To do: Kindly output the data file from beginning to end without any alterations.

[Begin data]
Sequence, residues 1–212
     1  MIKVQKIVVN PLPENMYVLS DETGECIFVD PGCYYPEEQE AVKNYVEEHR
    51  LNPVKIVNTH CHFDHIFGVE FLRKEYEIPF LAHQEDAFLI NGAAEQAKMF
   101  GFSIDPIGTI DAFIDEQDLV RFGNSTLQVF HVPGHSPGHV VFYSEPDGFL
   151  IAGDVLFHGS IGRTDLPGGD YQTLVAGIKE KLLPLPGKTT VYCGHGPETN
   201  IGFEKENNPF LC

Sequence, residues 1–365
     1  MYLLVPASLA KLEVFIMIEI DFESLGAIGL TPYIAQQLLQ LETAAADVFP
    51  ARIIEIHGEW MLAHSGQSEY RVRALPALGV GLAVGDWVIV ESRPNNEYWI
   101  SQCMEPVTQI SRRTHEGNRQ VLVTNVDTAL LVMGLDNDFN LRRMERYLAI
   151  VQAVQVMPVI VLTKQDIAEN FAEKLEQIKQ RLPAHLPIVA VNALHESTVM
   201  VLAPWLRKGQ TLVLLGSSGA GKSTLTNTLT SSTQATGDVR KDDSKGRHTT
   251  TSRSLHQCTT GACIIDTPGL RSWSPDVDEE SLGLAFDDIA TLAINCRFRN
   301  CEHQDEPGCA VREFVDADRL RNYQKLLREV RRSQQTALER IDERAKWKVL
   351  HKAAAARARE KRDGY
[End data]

Sequence, residues 1–212
     1  MIKVQKIVVN PLPENMYVLS DETGECIFVD PGCYYPEEQE AVKNYVEEHR
    51  LNPVKIVNTH CHFDHIFGVE FLRKEYEIPF LAHQEDAFLI NGAAEQAKMF
   101  GFSIDPIGTI DAFIDEQDLV RFGNSTLQVF HVPGHSPGHV VFYSEPDGFL
   151  IAGDVLFHGS IGRTDLPGGD YQTLVAGIKE KLLPLPGKTT VYCGHGPETN
   201  IGFEKENNPF LC

Sequence, residues 1–365
     1  MYLLVPASLA KLEVFIMIEI DFESLGAIGL TPYIAQQLLQ LETAAADVFP
    51  ARIIEIHGEW MLAHSGQSEY RVRALPALGV GLAVGDWVIV ESRPNNEYWI
   101  SQCMEPVTQI SRRTHEGNRQ VLVTNVDTAL LVMGLDNDFN LRRMERYLAI
   151  VQAVQVMPVI VLTKQDIAEN FAEKLEQIKQ RLPAHLPIVA VNALHESTVM
   201  VLAPWLRKGQ TLVLLGSSGA GKSTLTNTLT SSTQATGDVR KDDSKGRHTT
   251  TSRSLHQCTT GACIIDTPGL RSWSPDVDEE SLGLAFDDIA TLAINCRFRN
   301  CEHQDEPGCA VREFVDADRL RNYQKLLREV RRSQQTALER IDERAKWKVL
   351  HKAAAARARE KRDGY